Termination of Employment Common Law – Relatively easy – Notice period – Pay in lieu Civil Law – Not as easy – Often must obtain permission from court or government – Often easiest to negotiate severance
Termination Notice § Generally required everywhere but the US § Minimum length mandated by statute § In common law countries, length often must be “reasonable, ” which may differ from the statutory period § Tip – Specify notice period in employment contract
Pay in Lieu of Notice § Same amount of pay as length of notice (i. e. , choice between 20 weeks’ notice or 20 weeks’ pay) § Use must be specified in employment contract in some jurisdictions § Lump sum or salary continuance?
Various Termination Issues § Constructive discharge § Which jurisdiction’s law applies? § Can we get a release? Will it be effective? § Post-employment restrictive covenants
Group Terminations § Most jurisdictions have special rules for group terminations and/or redundancies § Information, consultation and/or bargaining obligations – Employee representatives – Works council – Trade union
Cost Cutting § Different analysis than in the US § Generally based on contract principles § Unilateral change/ bilateral change § Information, consultation and/or bargaining obligations
Collective Issues § Works councils § Trade unions
Works Councils Q: What is a works council and what does it do? A: A body of employees who must be provided information about and consulted on various matters affecting the workplace.
Works Councils (cont. ) § Voluntary § Whether they are allowed depends on the number of employees – Minimum number is 5 in Germany but 50 in Ireland § Depending on the jurisdiction, the works council may have decision-making authority over some matters
Works Councils (cont. ) Two types of works councils: 1. Domestic 2. European Domestic works councils – Established pursuant to the EU Information and Consultation Directive, but many jurisdictions had them already
Works Councils (cont. ) § European works councils – EU Directive on European Works Councils – Handle issues affecting more than one country – Revised Directive effective June 2011: establishes link between European and national level information and consultation, and will result in more complex multistage consultation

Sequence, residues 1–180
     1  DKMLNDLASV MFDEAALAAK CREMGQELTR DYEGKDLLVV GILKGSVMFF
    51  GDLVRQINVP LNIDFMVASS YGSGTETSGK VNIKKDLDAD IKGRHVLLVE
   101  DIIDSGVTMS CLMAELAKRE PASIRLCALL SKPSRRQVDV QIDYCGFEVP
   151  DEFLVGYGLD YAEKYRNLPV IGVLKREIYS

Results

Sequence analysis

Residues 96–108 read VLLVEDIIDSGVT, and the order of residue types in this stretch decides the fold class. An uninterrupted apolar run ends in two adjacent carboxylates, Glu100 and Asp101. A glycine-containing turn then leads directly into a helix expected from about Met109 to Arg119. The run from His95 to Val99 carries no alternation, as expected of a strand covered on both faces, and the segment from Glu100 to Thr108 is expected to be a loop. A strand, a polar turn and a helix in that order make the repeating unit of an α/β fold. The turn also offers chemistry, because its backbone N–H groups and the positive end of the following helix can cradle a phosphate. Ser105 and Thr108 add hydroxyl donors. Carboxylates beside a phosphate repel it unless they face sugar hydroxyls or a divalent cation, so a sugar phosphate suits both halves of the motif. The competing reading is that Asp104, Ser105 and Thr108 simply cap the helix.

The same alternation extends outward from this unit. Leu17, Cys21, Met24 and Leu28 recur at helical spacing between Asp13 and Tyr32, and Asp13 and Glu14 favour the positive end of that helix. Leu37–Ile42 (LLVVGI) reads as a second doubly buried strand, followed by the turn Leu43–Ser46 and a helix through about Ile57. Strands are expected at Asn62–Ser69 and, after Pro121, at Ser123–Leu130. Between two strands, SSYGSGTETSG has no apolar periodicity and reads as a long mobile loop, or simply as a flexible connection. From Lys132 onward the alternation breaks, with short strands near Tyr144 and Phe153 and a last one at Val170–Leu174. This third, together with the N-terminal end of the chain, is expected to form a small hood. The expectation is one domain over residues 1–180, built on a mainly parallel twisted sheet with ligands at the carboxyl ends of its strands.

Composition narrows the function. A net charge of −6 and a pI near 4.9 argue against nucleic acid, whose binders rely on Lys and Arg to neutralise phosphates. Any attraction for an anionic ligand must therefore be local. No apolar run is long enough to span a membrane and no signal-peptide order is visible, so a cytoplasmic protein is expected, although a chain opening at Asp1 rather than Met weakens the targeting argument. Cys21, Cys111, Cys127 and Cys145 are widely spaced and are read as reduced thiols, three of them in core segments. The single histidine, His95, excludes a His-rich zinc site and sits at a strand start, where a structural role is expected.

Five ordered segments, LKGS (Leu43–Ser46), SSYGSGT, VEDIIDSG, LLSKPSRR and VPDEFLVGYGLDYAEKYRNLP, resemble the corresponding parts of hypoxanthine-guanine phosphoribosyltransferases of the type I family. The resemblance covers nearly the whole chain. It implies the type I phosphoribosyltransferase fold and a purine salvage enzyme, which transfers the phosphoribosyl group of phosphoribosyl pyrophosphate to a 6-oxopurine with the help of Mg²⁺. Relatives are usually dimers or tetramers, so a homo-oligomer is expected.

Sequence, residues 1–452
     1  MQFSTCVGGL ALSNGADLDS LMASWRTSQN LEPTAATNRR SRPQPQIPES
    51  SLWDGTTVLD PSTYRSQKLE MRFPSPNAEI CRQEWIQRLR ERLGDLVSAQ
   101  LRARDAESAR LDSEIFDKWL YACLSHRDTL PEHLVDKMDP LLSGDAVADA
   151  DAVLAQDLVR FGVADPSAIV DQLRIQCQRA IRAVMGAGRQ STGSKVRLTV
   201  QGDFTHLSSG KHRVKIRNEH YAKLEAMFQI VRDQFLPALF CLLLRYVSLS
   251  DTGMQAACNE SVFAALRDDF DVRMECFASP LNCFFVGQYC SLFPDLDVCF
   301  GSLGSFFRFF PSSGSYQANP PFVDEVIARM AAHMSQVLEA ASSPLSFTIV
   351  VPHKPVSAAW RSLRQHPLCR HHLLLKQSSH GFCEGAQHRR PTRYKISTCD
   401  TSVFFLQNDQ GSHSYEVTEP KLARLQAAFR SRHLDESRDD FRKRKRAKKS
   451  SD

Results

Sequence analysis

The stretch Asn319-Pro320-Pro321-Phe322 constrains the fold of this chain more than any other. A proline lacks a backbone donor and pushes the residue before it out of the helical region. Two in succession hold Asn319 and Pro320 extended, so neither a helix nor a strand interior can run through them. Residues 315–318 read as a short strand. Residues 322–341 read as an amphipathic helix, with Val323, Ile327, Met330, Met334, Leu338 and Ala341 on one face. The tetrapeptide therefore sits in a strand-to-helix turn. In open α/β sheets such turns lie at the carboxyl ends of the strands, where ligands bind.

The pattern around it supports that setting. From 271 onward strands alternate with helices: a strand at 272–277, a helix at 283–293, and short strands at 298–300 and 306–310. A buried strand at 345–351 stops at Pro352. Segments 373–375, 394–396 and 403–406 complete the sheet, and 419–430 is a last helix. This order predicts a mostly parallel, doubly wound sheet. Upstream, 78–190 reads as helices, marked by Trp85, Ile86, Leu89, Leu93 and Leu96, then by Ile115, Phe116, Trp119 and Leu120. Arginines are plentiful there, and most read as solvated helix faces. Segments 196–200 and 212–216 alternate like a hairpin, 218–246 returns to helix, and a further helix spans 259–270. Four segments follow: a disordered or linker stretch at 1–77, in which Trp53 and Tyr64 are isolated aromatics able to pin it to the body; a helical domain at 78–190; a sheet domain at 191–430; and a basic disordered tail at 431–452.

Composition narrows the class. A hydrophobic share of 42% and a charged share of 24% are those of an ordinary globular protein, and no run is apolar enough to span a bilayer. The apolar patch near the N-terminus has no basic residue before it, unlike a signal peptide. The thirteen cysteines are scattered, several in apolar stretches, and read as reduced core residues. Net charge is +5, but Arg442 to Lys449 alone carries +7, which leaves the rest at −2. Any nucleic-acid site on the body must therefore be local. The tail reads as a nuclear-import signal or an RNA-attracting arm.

Trade Unions § Most jurisdictions have laws allowing employees to be represented by a trade union § Power and prevalence of unions varies widely from country to country § Method of becoming unionized (e. g. , card check, vote etc. . . ) varies widely from country to country
Employment Law Issues in Global Restructurings The key is to know which questions to ask
Risks Unique to the International Arena
Anti. Corruption Laws and the Reach of Sarbanes. Oxley (“SOX”)
SOX Civil Protections Section 806: Prohibits any “officer, employee, contractor, subcontractor, or agent” of a company from “discharging, demoting, suspending, threatening, harassing, or discriminating” against an employee who reports conduct he “reasonably believes” violates SOX or any federal/state securities laws
SOX Civil Protections § Section 1107: – Bars retaliation (including interfering with lawful employment of person) against: • Employee • Who reports truthful information to a law enforcement officer • About the actual or possible commission of any federal offense – Penalties can include fines and/or imprisonment of up to 10 years
SOX Civil Protections § Section 301: – Requires public companies to create mechanisms for reporting financial concerns • Specifically requires mechanisms for handling anonymous complaints by employees
Extraterritorial Application of SOX § All foreign companies listed on US exchanges must comply with SOX § Where conduct has substantial nexus to the US, courts will apply SOX whistleblower provisions to foreign subsidiaries
What’s at Stake for Noncompliance with SOX § Delisting from US exchanges § SOX criminal sanctions apply abroad § Civil penalties
Whistleblowing Hotlines Investigations Not only admitted, but also mandatory under SOX: § 301 requires Companies to institute procedures for handling «confidential, anonymous» employee complaints about accounting or auditing matters Is it in compliance with EU Laws? In general, NO. Possible conflicts with: § Privacy and data protection laws § Employment laws § Labor relations laws (“co-determination”)